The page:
The bands played on
Thursday, 6th January — By Rob Ryan
Anthony Joseph. Photo: Bunny Bread @icreatenotdestroy
FINGERS crossed, if gigs continue to proceed as normal and hospitality is not restricted, I should get to see some of my favourite recorded music of last year performed live over the next few months. First on the must-book list for me is US vocalist Kurt Elling. His last album with Panamanian pianist Danilo Pérez, Secrets are the Best Stories, was an inspiring and thoughtful record, if, given the State of the Nation narrative, slightly sombre in mood. For his recent SuperBlue release the singer did a startling left turn, pairing with guitar wizard Charlie Hunter and the boys from Butcher Brown to create that rare thing – a down and dirty, ultra-funky lockdown album. All the Elling trademarks are there, with lyrics put to tunes by the jazz masters (Freddie Hubbard and Wayne Shorter), re-imagined cover versions (a wild Tom Waits piece, a vintage Cody Chesnutt song) and quirky, intelligent, word-twisting originals (Manic Panic Epiphanic).
Now, here’s the thing, good as the album is, the fact that the various parts were recorded thousands of miles apart because of the pandemic (Elling never met the Butcher Brown players until later) made a few sections of it sound a little earthbound. Live, however, it blasted into the stratosphere and, like Elon Musk, passed the Kármán line, leaving earth behind. I caught the show at Ronnie Scott’s and Elling used the full extent of his phenomenal range, every vocal trick in his hefty book and all his showmanship to blistering effect. Hunter, too, was mesmerising, sounding like three guitarist at once, two of whom James Brown would have hired on the spot. And that rhythm section knew how to put down a deep, deep groove. I don’t know about the band, but the audience needed a lie down afterwards.
Well, the good news is that the SuperBlue show is back in town – this time in Camden. Elling, Hunter, DJ Harrison (keys) and Corey Fonville (drums) are appearing at the Jazz Café (thejazzcafelondon.com) on Feb 23. It’s not the usual Elling venue, but it’ll suit the beat-laden album to a tee. Expect to dance. And if you don’t, Kurt certainly will.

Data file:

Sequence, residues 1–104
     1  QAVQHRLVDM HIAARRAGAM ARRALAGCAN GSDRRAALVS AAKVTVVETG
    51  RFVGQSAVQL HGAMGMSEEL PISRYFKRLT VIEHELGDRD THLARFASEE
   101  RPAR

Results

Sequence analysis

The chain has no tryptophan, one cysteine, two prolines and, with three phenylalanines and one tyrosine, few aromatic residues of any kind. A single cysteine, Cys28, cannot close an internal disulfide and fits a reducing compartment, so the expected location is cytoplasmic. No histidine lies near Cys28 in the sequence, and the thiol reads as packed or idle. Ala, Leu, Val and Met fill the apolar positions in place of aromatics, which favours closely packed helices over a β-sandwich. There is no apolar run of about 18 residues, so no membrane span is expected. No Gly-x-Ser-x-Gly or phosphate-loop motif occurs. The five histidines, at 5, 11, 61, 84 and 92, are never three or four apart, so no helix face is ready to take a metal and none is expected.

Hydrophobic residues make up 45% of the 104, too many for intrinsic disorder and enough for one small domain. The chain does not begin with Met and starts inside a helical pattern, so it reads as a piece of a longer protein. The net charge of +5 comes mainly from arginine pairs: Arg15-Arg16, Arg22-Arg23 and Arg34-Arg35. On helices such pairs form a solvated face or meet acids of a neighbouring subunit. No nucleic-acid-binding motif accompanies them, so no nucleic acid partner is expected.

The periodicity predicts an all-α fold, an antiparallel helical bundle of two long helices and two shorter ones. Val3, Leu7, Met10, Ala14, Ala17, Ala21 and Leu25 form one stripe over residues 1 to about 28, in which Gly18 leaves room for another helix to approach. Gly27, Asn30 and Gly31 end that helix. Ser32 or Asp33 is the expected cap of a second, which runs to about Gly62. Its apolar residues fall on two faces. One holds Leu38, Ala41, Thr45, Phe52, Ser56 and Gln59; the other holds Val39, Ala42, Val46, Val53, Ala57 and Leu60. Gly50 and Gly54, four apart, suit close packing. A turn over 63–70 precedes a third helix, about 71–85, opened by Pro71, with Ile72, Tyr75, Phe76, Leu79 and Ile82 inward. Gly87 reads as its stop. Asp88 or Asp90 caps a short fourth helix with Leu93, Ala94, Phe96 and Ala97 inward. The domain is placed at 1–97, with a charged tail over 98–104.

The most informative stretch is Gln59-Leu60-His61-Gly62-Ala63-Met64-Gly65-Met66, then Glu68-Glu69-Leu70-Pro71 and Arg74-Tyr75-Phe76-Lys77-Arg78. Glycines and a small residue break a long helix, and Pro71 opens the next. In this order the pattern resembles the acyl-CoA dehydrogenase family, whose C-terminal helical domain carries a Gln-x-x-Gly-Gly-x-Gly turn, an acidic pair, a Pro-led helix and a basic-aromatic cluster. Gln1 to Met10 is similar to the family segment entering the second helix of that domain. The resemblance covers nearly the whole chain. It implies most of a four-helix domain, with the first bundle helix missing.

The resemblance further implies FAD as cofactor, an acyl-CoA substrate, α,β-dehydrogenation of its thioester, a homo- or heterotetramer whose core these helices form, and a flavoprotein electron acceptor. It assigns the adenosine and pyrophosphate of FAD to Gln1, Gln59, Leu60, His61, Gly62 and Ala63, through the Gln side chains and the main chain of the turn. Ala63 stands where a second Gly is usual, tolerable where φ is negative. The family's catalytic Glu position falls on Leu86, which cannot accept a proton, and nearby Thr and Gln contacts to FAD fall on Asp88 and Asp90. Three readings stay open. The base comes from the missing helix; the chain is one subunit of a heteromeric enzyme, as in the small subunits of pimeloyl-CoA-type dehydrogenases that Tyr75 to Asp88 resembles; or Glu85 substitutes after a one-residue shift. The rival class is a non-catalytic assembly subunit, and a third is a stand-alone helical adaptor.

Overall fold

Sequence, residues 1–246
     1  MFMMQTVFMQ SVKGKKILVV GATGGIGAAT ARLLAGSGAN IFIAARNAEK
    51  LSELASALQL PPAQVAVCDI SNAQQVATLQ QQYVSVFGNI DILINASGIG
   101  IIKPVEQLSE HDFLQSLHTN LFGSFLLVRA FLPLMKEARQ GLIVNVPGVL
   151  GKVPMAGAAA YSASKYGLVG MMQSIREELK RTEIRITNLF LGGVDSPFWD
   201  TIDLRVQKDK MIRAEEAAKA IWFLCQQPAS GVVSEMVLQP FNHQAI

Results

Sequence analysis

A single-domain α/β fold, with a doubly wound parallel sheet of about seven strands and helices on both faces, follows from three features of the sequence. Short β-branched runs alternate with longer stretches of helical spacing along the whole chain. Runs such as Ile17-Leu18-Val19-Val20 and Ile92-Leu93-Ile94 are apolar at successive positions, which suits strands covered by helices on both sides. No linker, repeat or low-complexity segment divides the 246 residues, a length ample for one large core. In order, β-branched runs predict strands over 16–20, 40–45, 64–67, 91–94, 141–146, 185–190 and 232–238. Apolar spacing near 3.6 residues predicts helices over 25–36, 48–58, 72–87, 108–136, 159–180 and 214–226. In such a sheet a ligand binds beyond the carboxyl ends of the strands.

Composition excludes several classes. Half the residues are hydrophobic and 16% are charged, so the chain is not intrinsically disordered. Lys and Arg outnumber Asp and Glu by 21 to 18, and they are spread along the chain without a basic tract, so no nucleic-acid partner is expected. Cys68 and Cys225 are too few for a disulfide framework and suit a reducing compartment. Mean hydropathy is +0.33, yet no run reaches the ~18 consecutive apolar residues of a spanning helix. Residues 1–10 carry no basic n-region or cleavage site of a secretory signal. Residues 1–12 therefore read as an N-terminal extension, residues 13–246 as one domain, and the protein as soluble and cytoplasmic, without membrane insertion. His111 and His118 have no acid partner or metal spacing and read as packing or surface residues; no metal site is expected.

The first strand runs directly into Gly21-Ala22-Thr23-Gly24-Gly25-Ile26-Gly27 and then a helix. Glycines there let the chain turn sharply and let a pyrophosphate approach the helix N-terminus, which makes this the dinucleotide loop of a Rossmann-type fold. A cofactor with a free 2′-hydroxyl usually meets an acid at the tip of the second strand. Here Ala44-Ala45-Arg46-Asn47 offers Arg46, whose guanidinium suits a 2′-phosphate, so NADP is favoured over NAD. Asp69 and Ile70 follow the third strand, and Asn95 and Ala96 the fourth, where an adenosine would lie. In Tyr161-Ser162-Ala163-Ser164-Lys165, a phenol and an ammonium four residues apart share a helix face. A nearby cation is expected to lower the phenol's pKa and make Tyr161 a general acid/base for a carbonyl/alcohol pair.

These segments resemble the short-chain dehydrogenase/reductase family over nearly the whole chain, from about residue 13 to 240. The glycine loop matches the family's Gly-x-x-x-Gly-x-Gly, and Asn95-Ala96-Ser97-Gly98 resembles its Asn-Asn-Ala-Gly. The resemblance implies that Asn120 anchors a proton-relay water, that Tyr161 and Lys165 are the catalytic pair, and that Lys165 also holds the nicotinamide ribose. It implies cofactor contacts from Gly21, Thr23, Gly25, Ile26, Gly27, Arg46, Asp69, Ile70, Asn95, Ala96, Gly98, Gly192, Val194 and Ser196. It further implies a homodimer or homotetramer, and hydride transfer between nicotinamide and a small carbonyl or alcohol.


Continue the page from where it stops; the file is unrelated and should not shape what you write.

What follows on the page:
An early 2022 casualty of pandemic performance anxiety was the glorious Gil Evans-meets-Aaron-Copeland Maria Schneider Orchestra, which cancelled its January show at the Barbican, to be rescheduled in 2023. However, one of the orchestra’s star soloists, Canadian trumpeter Ingrid Jensen, will be in town in February.
She is part of Artemis, which I feel contractually obliged to mention is an all-female supergroup, something which rightly irritates its founder, pianist Renee Rosnes (the female bit, not the supergroup part), which she explores in her tune Big Top – a portrait of women in jazz as a novelty act. Covering a spectrum of life experiences, members come from US, Canada, France, Chile, Israel and Japan. They released an eponymous album on Blue Note a while back, but it has only just found its way onto my CD player (yup, still have one of those) and, although Jensen is on great form as always, she is matched by Anat Cohen’s punchy clarinet contributions and drummer Allison Miller’s percussive tour-de-force. There are two vocal tracks by the wonderful Cécile McLorin Salvant, but for me it’s the complex yet compelling instrumental fireworks – each member contributes to the writing, all are at the top of their game – that makes for a rewarding listen. The slow and sultry version of Lee Morgan’s warhorse The Sidewinder that closes the album won’t be to everyone’s taste, but it’s a mark of how confident and iconoclastic this magnificent seven really are. Artemis play the Cadogan Hall on Feb 20 (cadoganhall.com), although with their much-feted guest singer off pursuing her own career, it’ll be just the core six on stage. I suspect they’ll manage.